Slow Fashion


In my last article I talked about the social & environmental impacts of the Fast Fashion business model. This time I thought I would take a look at the Slow Fashion Movement and try to break down what that might mean for you as a consumer.

I think there are a number of definitions of slow fashion and I guess in some ways the term may conjure up unflattering images of “eco clothing” and crafty, homemade looks. Basically Slow Fashion is designing and producing garments with quality & longevity in mind. The principles include encouraging slower or tailored production cycles, fair wages, lower carbon footprints and may incorporate theories involving Zero Waste & Upcycling. But Slow fashion doesn’t have to mean backwards or behind the times technologically. It’s a thoughtful approach to a traditional business that involves seeking out better ways to produce fashion & apparel in a more sustainable and ethical way.

For me slow fashion is about considering what & how you’re manufacturing as a business operator and how you make purchasing decisions as a consumer. If you own a fashion business then you will find yourself constantly challenged to meet price point demands from the consumer and at the same time ethically produce your garments within budget. If you fall into the consumer category then it will be a journey to try and learn more and make informed purchasing decisions.

At this point in time it’s so important to support the local talent pools of skilled pattern makers, machinists and cutters left in the local industries. I feel these skills have been devalued in recent decades by the constant drop in the price of clothing. The recent campaign by Fashion Revolution about “Who made your clothes” gives consumers greater insight into how & where their clothes are made and who by. For me, these are valuable skills that we need to sustain if we are to have any hope of keeping our local boutique manufacturing scene alive. We also have to keep in mind that we have an ageing workforce that is not being replaced.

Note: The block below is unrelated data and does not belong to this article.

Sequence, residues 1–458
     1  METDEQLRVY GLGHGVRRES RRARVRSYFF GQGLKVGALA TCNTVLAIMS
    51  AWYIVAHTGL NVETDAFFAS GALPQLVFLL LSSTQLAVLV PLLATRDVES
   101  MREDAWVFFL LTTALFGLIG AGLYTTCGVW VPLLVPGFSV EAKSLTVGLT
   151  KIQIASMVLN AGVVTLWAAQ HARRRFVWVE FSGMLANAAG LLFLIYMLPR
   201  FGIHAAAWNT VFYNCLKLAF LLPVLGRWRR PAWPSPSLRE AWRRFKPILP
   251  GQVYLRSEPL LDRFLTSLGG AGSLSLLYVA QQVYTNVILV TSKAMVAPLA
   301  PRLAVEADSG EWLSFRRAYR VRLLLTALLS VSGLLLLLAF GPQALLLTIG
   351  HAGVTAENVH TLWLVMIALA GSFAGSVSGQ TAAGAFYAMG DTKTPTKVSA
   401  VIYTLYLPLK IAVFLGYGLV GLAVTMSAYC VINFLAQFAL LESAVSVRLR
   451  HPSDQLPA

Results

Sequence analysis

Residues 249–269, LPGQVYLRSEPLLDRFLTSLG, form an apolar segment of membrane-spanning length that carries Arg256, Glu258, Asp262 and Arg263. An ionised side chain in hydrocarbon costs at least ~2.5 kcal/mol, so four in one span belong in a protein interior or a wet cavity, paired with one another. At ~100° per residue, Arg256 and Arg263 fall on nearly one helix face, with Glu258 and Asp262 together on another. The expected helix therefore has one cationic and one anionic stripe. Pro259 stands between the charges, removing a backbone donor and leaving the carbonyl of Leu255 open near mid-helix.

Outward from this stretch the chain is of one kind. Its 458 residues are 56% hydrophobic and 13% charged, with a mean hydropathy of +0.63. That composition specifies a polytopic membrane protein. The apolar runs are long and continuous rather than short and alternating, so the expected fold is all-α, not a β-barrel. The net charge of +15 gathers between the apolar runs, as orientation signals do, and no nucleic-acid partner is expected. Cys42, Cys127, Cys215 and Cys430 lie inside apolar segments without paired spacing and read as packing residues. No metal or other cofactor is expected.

It’s become increasingly difficult for independent designers to manufacture locally yet despite all the problems with fashion production generally, through my business as a textile agent, I’m lucky enough to have contact with some great local businesses here in SE Queensland. Many businesses are doing an amazing job producing ethically made, high quality fashion using progressive business models & the latest technology along with maintaining the old skill traditions. Behind the scenes they pursue best practice on many levels and have set up a thoughtful discourse with their customers. If you look around your local area you will find businesses like this to support and you can begin the road to thoughtful fashion purchasing. I’m sure there are many similar small hubs around the globe like the one here where the fashion is well designed, the websites are great and the brands offer consistent and useful fashion advice for those who seek it. These businesses have to be flexible, agile & market responsive yet bear in mind all the ethical & environmental issues so they are continually reviewing & evolving to deal with the constantly changing landscape.

In many ways the future of fashion is in your hands. As the consumer you will ultimately vote by supporting businesses that appeal to your ethics. You will definitely pay more to buy locally made clothing but often you will find amazing designer treats that you will wear for a number of years because of their unique qualities therefore justifying extra costs. If your budget doesn’t allow for designer price tags then there are very interesting reports such as “2016 Australian Fashion Report – The Truth behind the Barcode” which will guide you through who is making an effort in the marketplace to turn around the ethical issues we face within the fashion industry.

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